Most of you know arbitration and mediation as two different kinds of alternative dispute resolution. Some of you have even participated in one or perhaps both. But what exactly are they? How do they differ? And which one is the best fit for your business needs? Arbitration = Private Litigation Arbitration is essentially private litigation that results in a binding, final decision. Instead of a judge or jury deciding your case, the parties select a neutral arbitrator who renders a decision. The parties typically agree to arbitrate based on a clause in an agreement, usually long before a dispute arises. Advantages: When deployed correctly, arbitration can be cheaper and faster than litigating in court. Arbitrations also typically afford the parties a higher level of confidentiality than is otherwise available in a court of public record. And to some degree, arbitrations can be less formal. Disadvantages: Ironically, a bad arbitration clause can be worse than none at all. A poorly drafted arbitration clause can inflict enormous expense and delay on the parties as they fight over what it means, and the cost of such a battle can negate the entire purpose of arbitration. Additionally, arbitration awards are appealable only in very narrow, specific circumstances. So if the arbitrator rules against you, virtually any appeal will be a very tough, uphill battle with a slim chance of success. We’ll discuss these dynamics in more detail in a future post, Are You Sure You Want an Arbitration Clause? Mediation = Facilitated Negotiation Mediation is a process where the parties to a dispute meet to negotiate and explore whether they can agree on a resolution. A neutral mediator, usually selected by the parties, facilitates the parties’ negotiations, but he has no authority to force the parties into settlement, nor is it his job to predict how a judge or jury might ultimately rule on the matters in dispute. Instead, a mediator’s role is to assist the parties as they seek their own, voluntary resolution of their dispute. Advantages: Perhaps the biggest benefit of mediation is control. Parties who mediate retain control of the outcome of their case, instead of handing that control to a judge or jury. When parties feel like they control their own destinies, they also tend to feel a higher sense of satisfaction with the eventual resolution. As Shakespeare said, “He is well paid that is well satisfied.” And of course, a successful mediation will resolve a dispute at a fraction of the cost of a full-blown trial. Disadvantages: Mediation is often not a productive exercise until the parties have already expended significant time and money litigating. Many business disputes start out with muddled issues and murky facts. Until the issues are crystallized and the facts are illuminated, parties are understandably reluctant to mediate. Why negotiate when you do not fully know either your own or your adversary’s strengths and weaknesses? Mediation also tends to be an ineffective tool when the dispute itself is binary, i.e. where only one of two outcomes is possible. When the outcome must be either “whole hog or none,” that doesn’t leave much space to...

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Terminating Your Contract: Things to Remember Part 2

Posted by on Mar 10, 2014 in Draft Your Contract, Practice Pointers

Let’s continue the discussion on issues to consider with regard to the termination of your contract. Most contracts have provisions governing what will constitute a breach or default and what the parties’ respective rights and obligations are in the event the contract is terminated for such breach or default (“termination for cause”). Right to Cure It is common in termination for cause provisions for the terminating party to allow the defaulting party to have a period in which to correct the default. This is typically called a “cure period.” Determining a reasonable cure period is dependent on the subject matter of the contract, the nature of the default and the parties’ respective bargaining powers. For example, if a party defaults in a service obligation under a contract, the provision may state that the defaulting party has ten (10) days to re-perform the service in accordance with the contract before the terminating party may officially terminate the contract. Notice One element of having the right to cure a default before the other party may terminate the contract is the concept of notice. Notice is important because it is a means by which the parties communicate to each other what is deficient or lacking in the other’s performance. Without adequate notice of what the breach or default is, it is difficult or impossible for the defaulting party to take full advantage of the cure period. Contracts typically have provisions stating when and how a party must notify the other of a default. The notice period is usually congruent with the cure period, such that the terminating party must provide a certain amount of prior notice of the default, coupled with providing the defaulting party the opportunity to cure the default, before the termination right is triggered. There are other matters to consider when dealing with termination issues, and these are just a few which pertain to termination for default. If you’re in the process of terminating or drafting a contract, please contact an attorney to discuss the particular termination issues that may be encountered in regard to your...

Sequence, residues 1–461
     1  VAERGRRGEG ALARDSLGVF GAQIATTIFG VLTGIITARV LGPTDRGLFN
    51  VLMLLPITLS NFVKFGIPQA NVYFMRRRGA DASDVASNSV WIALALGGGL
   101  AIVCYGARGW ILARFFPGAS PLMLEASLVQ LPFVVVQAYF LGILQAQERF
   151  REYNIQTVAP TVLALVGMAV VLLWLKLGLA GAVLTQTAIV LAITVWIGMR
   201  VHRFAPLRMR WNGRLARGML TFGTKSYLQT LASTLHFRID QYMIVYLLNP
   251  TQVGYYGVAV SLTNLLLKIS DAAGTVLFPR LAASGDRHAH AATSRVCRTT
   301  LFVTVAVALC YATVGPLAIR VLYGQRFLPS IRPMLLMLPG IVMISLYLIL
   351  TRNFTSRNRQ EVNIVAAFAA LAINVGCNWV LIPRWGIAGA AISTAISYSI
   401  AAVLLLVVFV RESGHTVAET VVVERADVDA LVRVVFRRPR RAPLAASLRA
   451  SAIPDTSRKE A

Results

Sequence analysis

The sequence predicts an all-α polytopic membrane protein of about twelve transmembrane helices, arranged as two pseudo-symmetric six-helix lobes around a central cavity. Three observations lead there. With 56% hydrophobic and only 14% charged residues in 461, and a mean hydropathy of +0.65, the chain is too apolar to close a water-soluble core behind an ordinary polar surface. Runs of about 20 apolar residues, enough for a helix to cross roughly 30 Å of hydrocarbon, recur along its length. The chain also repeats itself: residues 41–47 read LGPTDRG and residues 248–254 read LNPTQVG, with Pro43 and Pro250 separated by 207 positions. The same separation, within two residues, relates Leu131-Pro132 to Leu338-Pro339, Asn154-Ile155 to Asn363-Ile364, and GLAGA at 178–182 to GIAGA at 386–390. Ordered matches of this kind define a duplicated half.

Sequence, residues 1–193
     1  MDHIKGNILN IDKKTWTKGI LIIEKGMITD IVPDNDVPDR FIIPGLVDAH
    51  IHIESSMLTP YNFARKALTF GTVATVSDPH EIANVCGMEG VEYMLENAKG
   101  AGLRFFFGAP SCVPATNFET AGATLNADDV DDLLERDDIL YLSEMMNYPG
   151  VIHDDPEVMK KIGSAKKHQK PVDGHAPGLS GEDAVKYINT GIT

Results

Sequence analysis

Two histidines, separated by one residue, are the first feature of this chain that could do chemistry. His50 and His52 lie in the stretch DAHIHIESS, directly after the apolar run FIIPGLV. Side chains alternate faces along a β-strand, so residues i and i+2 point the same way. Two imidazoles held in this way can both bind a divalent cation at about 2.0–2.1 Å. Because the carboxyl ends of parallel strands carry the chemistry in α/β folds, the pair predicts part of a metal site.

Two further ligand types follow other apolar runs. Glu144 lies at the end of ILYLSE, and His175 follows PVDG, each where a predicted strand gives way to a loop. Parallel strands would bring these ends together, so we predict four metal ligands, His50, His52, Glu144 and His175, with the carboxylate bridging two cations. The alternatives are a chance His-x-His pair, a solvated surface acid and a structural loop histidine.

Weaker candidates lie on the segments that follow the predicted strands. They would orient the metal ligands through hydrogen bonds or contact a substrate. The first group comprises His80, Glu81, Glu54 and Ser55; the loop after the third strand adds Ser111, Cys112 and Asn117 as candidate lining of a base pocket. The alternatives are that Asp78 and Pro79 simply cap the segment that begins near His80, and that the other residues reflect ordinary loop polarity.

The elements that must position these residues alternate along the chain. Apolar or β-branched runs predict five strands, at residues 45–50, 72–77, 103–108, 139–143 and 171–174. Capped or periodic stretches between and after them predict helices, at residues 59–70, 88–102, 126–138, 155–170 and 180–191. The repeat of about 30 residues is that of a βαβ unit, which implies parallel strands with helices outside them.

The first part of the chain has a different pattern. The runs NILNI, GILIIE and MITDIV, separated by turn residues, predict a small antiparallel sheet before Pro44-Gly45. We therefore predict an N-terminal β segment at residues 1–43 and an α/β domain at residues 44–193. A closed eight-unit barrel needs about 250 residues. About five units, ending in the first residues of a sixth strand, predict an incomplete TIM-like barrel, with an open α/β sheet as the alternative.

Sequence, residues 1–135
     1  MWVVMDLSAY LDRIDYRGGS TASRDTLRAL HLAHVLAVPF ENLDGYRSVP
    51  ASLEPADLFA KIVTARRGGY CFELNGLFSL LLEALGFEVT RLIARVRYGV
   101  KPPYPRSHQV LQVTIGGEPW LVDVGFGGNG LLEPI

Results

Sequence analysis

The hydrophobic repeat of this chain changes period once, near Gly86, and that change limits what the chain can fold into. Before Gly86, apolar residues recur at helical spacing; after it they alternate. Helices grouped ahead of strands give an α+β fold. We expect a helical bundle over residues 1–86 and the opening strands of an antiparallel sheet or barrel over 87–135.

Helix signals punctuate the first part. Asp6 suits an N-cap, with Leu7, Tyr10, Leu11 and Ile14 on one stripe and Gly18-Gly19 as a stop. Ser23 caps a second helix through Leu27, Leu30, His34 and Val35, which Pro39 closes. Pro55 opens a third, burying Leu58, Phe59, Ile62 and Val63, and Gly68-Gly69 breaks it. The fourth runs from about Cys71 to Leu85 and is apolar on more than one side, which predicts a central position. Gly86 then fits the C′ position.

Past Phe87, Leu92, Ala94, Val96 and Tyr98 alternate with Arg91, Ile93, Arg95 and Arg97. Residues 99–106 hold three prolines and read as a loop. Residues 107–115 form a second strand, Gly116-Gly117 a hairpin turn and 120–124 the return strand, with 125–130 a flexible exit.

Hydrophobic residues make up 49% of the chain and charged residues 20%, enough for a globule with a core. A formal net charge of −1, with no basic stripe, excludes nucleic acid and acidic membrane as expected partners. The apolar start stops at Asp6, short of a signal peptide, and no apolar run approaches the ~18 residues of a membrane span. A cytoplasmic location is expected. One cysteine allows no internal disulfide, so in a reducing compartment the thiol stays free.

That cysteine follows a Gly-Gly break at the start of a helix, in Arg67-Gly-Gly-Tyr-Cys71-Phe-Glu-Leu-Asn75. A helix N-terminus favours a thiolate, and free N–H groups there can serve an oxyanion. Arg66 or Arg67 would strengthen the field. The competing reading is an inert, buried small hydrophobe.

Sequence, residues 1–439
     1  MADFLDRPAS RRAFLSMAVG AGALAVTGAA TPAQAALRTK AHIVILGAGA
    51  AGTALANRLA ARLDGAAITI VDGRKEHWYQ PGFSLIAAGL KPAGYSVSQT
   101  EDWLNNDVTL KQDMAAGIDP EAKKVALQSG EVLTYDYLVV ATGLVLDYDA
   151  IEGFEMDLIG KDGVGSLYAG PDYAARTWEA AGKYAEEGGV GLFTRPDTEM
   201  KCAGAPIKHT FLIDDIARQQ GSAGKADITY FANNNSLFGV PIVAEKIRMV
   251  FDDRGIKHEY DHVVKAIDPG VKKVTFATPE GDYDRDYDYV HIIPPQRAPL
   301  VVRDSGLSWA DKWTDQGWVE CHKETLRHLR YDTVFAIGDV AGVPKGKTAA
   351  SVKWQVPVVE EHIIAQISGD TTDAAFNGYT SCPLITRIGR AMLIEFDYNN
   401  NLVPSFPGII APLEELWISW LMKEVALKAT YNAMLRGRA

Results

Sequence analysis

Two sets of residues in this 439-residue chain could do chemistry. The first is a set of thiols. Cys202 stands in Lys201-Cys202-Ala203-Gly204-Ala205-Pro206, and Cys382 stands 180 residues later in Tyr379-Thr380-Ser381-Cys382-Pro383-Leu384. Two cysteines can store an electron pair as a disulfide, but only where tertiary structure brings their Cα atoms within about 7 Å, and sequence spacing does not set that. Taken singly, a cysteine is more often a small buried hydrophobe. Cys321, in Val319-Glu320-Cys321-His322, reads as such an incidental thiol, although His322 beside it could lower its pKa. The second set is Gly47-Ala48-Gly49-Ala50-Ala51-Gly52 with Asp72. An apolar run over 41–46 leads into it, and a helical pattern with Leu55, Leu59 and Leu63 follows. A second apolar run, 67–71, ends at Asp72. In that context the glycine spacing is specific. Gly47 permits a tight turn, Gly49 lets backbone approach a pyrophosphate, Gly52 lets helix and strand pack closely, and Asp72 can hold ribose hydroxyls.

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When Disasters Plague Your Contract

Posted by on Jan 6, 2014 in Draft Your Contract, Limiting Liability

Part of the contract drafting process entails a bit of forward thinking: trying to identify and minimize ahead of time those things that could go wrong. If you’re new to the business world, or you’ve just entered into a new sector or started a new business, it can often be difficult to predict the downfalls your business may face– or the downfalls the other contracting party may face. There are some risks that every business must face which are more predictable than others. For example, every business at some point can expect to have an invoice dispute with a supplier, customer or independent contractor. On the other hand, there are those risks which are completely unpredictable and therefore less controllable. In the world of contracts, these risks are often called “force majeure events,” and well-drafted contracts usually contain a Force Majeure provision dealing with how such events will affect the parties’ respective obligations during the course of the contract. Force Majeure refers to acts of God and other events which are wholly outside of the control or influence of the party. Typical force majeure events include things like floods, fires, tornadoes, hurricanes, tsunamis, earthquakes, riots, etc. While these events are pretty intuitive and it is hard to contest their occurrence being completely outside the control of the contracting party, there are some events, such as supplier bankruptcy and currency and market fluctuations which are less clear and which are often heavily negotiated. Force majeure provisions list the events which will constitute force majeure and set forth the parties’ respective obligations or release from obligations if the force majeure event occurs. For example, a force majeure provision may excuse a supplier from complying with a deadline or delivery date. As a startup company or entrepreneur, be cautious when you see a provision dealing with force majeure and, if you’re drafting an agreement, ask yourself how your contractual relationship may benefit from including a provision to help manage uncertainties. If you are interested in learning how to protect against risk, including force majeure risk, please contact an attorney or have an attorney review your agreement before you sign...